The date is uncertain. The caption has it that Hugues Jacques and Pierre ‘Leo’ Jacques are seen behind the counter, and we know from Ken Faig Jr. that they took over the former bar in 1923. So it is probably at about that date or a little later. One can see a docks-worker and probably at least one docks foreman or truck-driver eating at the counter. As well as several old gents who might be of limited means, perhaps the “Salvation Army derelicts” as Lovecraft once referred to them in a letter. A certain ‘Domingo’, not seen, also regularly served behind the counter…

Toward Domingo, an olive-skinned, behind-the-counter servitor at Jacques’, his favorite eating place in Providence, he was as affable as a courtier in a drawing room.” (Talman, on Lovecraft)

Lovecraft had discovered this cheap and abundantly sustaining eatery via Talman in 1926, and from then on he regularly enjoyed its man-sized portions of cheap food. He does not appear to have been a daily or even a weekly customer, but he dropped in and was well known to the place and its people — especially in the summer “visiting season”. The place seems to have slowly slid downmarket over the years. From late summer 1933, and as the Great Depression deepened, Jake’s began to tolerate what Lovecraft called “extremes in the matter of clientele”. He sought out other nearby options, and came to patronise a nearby Al’s Lunch. However, perhaps the “clientele” situation eased. Since Ken Faig Jr. has established he was still eating at Jake’s in August 1934 and March 1935. One day in mid September 1935 Lovecraft found Jacques abruptly closed, the business having failed at last. Lovecraft looked forlornly in the windows again at various times, but found it always “still vacant”.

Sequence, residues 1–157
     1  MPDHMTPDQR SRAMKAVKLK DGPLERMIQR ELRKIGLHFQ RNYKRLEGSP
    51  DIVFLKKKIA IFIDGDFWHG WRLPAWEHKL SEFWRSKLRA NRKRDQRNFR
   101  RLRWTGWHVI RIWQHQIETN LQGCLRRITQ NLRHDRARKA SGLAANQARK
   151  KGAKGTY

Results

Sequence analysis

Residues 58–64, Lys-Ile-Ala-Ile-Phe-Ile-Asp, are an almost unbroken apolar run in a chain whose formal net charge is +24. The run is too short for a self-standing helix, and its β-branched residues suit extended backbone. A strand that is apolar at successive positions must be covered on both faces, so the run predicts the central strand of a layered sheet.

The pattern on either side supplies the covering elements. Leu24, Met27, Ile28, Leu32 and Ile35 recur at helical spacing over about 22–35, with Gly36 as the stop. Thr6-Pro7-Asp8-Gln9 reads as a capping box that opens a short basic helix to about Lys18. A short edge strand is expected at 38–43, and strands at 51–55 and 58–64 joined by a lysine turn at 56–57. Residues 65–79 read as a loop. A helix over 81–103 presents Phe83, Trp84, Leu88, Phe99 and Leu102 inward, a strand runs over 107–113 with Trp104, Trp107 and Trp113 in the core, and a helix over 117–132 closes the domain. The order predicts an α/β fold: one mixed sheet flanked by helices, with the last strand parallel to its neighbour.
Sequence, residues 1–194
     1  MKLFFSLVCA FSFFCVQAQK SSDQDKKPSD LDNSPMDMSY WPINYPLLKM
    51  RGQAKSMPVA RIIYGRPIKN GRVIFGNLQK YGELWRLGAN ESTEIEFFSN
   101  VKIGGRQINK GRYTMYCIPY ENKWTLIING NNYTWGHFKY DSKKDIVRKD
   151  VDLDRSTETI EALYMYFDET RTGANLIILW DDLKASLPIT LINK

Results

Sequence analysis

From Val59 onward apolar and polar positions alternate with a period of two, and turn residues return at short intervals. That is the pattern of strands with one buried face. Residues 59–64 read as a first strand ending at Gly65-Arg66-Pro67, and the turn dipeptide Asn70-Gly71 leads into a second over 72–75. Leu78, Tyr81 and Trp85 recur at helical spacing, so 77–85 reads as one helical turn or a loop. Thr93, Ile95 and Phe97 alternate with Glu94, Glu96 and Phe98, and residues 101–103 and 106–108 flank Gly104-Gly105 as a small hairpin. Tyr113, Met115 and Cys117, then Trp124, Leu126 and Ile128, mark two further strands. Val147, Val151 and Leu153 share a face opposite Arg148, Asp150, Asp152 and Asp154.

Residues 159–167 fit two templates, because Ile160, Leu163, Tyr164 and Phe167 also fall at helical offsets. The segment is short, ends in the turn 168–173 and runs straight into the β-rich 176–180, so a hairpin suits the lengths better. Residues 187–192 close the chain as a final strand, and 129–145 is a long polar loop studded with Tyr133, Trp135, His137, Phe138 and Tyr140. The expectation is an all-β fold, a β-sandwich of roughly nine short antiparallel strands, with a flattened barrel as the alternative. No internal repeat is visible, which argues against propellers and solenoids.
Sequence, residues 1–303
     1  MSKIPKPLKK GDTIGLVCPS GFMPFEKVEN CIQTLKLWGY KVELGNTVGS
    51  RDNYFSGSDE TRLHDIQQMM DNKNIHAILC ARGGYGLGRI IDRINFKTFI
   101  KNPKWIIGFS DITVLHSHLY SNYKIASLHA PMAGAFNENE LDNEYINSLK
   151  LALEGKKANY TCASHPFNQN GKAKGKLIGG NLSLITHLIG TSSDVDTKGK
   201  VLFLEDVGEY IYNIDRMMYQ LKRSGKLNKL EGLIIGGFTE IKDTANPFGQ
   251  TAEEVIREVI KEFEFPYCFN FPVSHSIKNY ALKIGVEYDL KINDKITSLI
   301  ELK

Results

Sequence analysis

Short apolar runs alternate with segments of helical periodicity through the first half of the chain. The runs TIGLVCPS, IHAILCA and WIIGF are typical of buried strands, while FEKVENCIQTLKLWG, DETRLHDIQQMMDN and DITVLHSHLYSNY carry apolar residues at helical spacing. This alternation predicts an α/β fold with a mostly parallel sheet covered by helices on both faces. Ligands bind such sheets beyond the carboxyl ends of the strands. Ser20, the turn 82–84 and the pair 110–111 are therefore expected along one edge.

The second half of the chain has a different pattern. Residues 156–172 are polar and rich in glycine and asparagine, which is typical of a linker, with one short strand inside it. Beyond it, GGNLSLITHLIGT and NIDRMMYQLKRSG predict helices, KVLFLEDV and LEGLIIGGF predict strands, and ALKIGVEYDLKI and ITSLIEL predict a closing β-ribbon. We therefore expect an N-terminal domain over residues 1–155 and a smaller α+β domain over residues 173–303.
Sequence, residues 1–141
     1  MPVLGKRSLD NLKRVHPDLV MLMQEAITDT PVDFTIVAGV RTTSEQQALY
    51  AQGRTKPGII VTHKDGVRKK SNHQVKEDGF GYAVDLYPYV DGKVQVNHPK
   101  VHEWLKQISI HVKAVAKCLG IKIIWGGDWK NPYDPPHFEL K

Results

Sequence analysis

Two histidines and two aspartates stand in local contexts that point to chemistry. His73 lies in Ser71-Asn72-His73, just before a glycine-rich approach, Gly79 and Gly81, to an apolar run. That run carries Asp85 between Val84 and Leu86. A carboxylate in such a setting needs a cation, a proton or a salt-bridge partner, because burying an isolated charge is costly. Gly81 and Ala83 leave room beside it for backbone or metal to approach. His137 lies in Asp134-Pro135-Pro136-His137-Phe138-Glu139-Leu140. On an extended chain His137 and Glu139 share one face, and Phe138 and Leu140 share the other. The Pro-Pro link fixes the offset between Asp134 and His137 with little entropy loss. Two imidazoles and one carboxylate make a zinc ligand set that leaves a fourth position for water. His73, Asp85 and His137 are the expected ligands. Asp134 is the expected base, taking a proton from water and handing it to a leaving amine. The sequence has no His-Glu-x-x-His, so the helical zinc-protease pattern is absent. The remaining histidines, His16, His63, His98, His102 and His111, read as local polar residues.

Also newly discovered, as seen in my earlier post, the opening times as they stood in April 1933…

It’s a gas…

I’ve updated Monday’s 132 Wickenden Street post. I had mis-typed “Jack’s” instead of “Jake’s” a couple of times. Corrected now. I’ve also re-thought what Faig’s “one door east” means in the context of this new-found picture. It now looks to me like “Jake’s” had been on the opposite corner (i.e. the open forecourt seen here), and had moved across to the other corner at 132 when the Shell gas-station forecourt was built on the site of 126.

In which case this is it before the Shell station, albeit as a small picture…

* Opening times, April 1933 ad…

Both are closed from 8pm to 4am.

* March 1934 ad…

126 was now only in open in the afternoon and early evenings, perhaps a sign of staff problems. Canal St. was still only closed from midnight to 4am, with the expanded opening hours possibly a sign of needing the income.

* Late September 1935 ad…

The ad has No. 126 open 24 hours a day except Sundays, and no mention of Canal St. Which had closed down that same month.

The Lovecraft Geek returns